I think I just have to stop now. I am not saying I hated Days of Future Past because I didn't, but I did not love it like I thought I was going to. Definitely not the way I love First Class. There were things I enjoyed, but unfortunately they are a bit overshadowed by the bad. Nice try Bryan Singer, but Matthew Vaughn did a better job.

Godzilla (2014)
3 years ago via Rotten Tomatoes

It was pretty alright!

Her (2013)
3 years ago via Rotten Tomatoes

I have been patiently waiting to see Her for months. I wanted to see it when it was first released but, as always, my city was not playing it so I have been waiting for it to come on DVD. I got especially excited when Spike Jonze won Best Original Screenplay at the Oscars. After seeing the movie I have to say it was not only well deserved, but it should have won more.
Her is probably one of the most thought provoking and heartbreaking films I have seen in a very long time. The style was beautiful, the dialogue was funny and raw, and the acting by Joaquin Phoenix was spot on. I am not ashamed to say I cried three or four times during this movie. Aside from the emotion it confronts it really does leave you with the question of, is this advancing technology just going to hurt people in the end?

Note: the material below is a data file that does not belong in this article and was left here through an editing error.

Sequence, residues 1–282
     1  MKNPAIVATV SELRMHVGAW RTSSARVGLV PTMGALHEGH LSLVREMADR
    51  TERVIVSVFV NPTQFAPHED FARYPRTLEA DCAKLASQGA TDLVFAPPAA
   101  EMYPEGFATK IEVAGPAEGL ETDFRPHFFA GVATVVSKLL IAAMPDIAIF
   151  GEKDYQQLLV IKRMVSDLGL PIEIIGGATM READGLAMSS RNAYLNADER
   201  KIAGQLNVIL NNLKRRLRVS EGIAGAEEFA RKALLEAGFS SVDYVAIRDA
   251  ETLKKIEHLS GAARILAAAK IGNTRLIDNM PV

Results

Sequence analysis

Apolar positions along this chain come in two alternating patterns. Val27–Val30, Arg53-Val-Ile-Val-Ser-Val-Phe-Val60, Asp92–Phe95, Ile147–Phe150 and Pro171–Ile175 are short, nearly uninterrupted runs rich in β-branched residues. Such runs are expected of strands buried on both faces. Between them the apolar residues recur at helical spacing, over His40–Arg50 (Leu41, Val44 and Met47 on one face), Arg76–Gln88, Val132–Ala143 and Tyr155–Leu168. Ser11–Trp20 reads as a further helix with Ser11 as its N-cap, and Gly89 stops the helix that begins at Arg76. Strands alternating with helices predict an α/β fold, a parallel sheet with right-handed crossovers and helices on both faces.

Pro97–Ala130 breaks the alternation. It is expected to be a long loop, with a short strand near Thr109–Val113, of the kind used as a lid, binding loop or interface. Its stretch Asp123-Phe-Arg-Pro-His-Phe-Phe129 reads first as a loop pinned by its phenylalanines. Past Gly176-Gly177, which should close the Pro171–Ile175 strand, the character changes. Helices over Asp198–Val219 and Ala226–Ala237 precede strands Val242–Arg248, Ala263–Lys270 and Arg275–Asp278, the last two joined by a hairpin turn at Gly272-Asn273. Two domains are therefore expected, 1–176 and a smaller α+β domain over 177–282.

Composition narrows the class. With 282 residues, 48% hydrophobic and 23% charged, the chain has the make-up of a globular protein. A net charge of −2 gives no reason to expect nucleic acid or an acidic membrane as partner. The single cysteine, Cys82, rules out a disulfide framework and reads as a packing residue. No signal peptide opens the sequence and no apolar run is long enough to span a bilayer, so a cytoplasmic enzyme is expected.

Starting with the plot, it was fairly simple. We are thrown into the near future where technology is advanced but not anything on the level of The Jetsons. People still walk places, there were no flying cars, people still had jobs, and people still communicated. However, we had fully interactive computers and games, the technology had replaced certain human things, and the introduction of the OS programs like Samantha. Theodore purchases Samantha under the impression that she will help him organize his life and help him through his day.